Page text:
KARACHI: A division bench of The Sindh High Court (SHC) headed by Justice Munib Akhter, on Wednesday directed the provincial government to consider the police chief’s submitted-draft of new rules for transfers, postings in the police department.
During the hearing, the provincial police chief AD Khowaja submitted the report, informing the court that he had drafted new rules and sent the same to the Sindh cabinet on October 6. “I had submitted my recommendations regarding the newly drafted rules for transfers and postings to the provincial government,” the IGP added in his report.
The court was informed by the petitioner’s counsel Faisal Siddiqui that the provincial cabinet was supposed to consider IGP’s drafted new rules in its meeting specifically called for such purpose within 15 days of receiving the same but no such meeting was called. Siddiqui further said that the provincial cabinet had formed a committee but kept the IGP away from it.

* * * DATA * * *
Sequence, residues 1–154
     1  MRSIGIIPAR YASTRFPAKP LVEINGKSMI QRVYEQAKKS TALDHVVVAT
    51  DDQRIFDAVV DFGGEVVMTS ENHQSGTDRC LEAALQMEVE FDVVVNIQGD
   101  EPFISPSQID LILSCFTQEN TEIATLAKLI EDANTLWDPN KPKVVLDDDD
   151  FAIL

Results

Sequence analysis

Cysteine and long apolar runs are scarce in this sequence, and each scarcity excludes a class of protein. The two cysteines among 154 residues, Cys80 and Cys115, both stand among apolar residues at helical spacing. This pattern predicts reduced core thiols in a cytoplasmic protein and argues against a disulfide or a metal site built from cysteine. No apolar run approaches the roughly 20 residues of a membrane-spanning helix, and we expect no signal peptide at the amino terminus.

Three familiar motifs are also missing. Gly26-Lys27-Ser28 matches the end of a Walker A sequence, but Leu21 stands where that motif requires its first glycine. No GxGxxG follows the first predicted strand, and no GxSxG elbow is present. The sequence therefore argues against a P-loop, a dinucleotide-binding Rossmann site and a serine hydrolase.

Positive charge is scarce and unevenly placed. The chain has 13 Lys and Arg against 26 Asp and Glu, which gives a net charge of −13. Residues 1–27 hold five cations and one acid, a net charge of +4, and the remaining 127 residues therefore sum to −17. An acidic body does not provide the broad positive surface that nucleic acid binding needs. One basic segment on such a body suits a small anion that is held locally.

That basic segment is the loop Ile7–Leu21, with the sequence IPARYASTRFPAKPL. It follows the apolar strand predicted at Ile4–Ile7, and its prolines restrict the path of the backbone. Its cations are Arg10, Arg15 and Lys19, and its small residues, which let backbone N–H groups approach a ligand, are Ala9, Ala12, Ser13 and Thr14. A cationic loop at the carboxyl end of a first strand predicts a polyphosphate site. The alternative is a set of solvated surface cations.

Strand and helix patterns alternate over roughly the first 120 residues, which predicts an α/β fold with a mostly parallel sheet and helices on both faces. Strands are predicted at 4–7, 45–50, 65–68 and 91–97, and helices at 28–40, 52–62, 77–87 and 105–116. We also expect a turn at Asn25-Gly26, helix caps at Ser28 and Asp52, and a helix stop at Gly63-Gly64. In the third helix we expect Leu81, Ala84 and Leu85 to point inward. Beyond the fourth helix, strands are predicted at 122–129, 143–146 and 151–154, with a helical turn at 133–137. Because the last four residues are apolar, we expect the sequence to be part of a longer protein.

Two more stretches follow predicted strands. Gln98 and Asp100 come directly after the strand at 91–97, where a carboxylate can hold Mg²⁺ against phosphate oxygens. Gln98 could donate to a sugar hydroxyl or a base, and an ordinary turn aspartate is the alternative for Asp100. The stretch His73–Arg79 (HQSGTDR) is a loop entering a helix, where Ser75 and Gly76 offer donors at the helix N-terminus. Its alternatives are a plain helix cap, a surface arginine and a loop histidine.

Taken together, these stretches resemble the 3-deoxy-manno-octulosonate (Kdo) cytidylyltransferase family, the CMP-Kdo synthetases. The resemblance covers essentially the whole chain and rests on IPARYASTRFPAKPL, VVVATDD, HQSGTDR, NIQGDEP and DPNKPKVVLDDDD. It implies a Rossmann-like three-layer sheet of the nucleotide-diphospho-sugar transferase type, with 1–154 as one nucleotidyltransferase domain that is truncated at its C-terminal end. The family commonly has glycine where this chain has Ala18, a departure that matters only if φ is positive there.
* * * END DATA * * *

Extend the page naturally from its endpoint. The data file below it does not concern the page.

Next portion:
After hearing the arguments, the court directed the Sindh government to convene its meeting within 15 days to consider the drafted rules as per law and submit the report before it.
Earlier on September 07, the court in its judgment on AD Khawaja removal case had directed the police chief to draft new rules for setting out the manner of transfers and postings and submit the same before the provincial cabinet.
The court had ruled that, “the Inspector General shall, within 30 days, frame draft rules setting out the manner in which he (and the police hierarchy acting through him) is to exercise the power of transfers and postings in the police force at all levels (including PSP officers serving in the Province).
The court added in its judgment that “The draft rules shall be transmitted to the provincial cabinet and also, to ensure transparency, posted simultaneously and prominently on the website of the Sindh Police. The provincial cabinet must consider the draft rules at its next meeting or a meeting specifically called for such purpose within 15 days.”
Siddiqui said that the government was using delaying tactics which was clearly a violation of the courts’ orders.